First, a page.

The prioress lifted up the hem of Nadia’s habit and drew it over her waist. The thinner fabric of her underskirt would afford some additional protection. She gripped the legs of the bench tighter, screwed her eyes shut, and waited for the swish of the birch.

The bundle landed on her bottom with a thud. Nadia jerked. It hurt, of course it did. She warned any new arrival at the nunnery not to underestimate the sting of those horrible sticks.

“But, Nadia,” they’d laughed back, “you’re always on that bench. Are you not ignoring your own lesson?”

“Yes,” she’d told them. “I’m weak.”

What little they knew. She bowed to the sisters, obediently went about her duties, and appeared to be performing as a lay sister should during the lengthy services. However, now and again, she had to run away for a while. Deep down, Nadia believed she was the strongest woman in the convent. She had to be, to bear the thrashings and still keep her secret.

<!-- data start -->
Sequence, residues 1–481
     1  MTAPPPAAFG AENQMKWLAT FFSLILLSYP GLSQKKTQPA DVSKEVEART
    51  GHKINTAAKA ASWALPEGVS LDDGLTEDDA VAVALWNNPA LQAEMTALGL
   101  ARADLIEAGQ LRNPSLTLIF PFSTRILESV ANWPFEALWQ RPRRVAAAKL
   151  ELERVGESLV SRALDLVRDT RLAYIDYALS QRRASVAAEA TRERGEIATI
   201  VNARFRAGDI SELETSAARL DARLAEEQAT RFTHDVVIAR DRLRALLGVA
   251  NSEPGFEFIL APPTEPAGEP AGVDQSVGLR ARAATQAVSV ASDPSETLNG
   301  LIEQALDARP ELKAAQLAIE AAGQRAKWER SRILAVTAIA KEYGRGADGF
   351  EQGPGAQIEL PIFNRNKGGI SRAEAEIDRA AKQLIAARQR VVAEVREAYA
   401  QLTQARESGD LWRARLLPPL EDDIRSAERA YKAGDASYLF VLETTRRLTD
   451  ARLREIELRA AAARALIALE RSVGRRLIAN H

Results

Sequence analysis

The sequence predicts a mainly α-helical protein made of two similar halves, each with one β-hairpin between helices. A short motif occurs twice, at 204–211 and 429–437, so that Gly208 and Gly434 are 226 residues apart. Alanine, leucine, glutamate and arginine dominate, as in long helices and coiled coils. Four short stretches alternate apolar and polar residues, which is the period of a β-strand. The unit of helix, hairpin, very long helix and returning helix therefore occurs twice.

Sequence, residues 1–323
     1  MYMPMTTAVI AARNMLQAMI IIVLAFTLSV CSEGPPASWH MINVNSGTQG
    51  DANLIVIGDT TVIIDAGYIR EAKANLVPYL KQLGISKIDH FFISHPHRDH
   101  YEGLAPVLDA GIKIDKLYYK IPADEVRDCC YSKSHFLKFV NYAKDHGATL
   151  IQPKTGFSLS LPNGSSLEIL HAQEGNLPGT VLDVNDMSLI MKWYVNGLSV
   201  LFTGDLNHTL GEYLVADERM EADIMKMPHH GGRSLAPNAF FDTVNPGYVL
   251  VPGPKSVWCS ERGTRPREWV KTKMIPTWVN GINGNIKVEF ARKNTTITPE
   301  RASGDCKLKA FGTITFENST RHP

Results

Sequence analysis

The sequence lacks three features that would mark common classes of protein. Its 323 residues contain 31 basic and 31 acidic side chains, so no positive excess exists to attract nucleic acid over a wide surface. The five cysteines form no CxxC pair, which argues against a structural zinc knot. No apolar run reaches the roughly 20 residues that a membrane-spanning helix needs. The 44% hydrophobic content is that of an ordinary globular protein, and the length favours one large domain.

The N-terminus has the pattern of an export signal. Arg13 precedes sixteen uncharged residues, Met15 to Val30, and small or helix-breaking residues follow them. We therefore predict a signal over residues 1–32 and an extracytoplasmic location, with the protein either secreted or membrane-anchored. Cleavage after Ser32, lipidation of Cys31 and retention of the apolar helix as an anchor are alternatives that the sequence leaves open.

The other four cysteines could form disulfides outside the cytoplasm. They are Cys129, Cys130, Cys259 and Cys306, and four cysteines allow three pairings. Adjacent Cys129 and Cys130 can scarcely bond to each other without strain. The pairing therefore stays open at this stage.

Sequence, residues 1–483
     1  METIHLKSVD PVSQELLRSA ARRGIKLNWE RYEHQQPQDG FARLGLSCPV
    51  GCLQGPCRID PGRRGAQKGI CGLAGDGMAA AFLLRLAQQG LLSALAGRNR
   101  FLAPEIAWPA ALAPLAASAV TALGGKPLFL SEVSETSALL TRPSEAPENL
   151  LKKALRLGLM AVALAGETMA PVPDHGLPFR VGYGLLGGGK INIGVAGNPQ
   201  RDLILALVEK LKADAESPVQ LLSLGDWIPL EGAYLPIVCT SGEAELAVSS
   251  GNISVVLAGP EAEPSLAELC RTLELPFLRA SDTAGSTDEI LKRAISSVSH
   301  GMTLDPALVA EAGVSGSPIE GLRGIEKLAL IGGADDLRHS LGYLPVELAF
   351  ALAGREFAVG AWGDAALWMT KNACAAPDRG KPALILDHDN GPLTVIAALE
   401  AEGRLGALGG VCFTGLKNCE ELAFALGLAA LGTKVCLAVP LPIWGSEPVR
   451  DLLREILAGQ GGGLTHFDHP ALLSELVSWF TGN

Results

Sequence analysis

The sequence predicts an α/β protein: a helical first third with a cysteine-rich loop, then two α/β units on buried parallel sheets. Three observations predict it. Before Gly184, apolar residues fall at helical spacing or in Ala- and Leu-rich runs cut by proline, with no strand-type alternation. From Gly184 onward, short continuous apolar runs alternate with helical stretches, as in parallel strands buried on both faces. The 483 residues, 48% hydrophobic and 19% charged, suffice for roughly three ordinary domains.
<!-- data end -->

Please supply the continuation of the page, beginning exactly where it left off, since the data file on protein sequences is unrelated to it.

“Wicked child. Telling falsehoods,” the prioress thundered.

“Oh, mother, please,” Nadia wailed.

Each swoosh of the rods prefaced the thwack on her fiery buttocks. The relentless pace and effort that the prioress put into her whippings was evident in her wheezing exertions. She grunted with each descent of the birch. The rush of air that warned Nadia of the switches approach was brief, almost perceivable and merely encouraged her to brace herself. Her buttocks clenched together and stiffened into hard globes. The reaction gave no relief and only made the pain worse.

“My poor arse,” Nadia muttered to herself.

The cold room had little comfort to offer. The rest of her might feel the iciness, but not the heated flesh of her throbbing rump. To add to the discomfort, the prioress landed a few swipes lower, across her thighs. Her skirts rose higher, nearly uncovering her bare bottom. Thankfully, the prioress wouldn’t countenance such nudity. At least up to now. The rumours about the prioress couldn’t be true, surely? How the priests employed her to judge the readiness of the young women who lived in the villages about Kirkdale. Thank goodness Father William was not at the convent that day. Nadia couldn’t bear the thought of him witnessing her birching. Imagine it, her nearly uncovered behind on view and the sanctimonious weasel leering at her!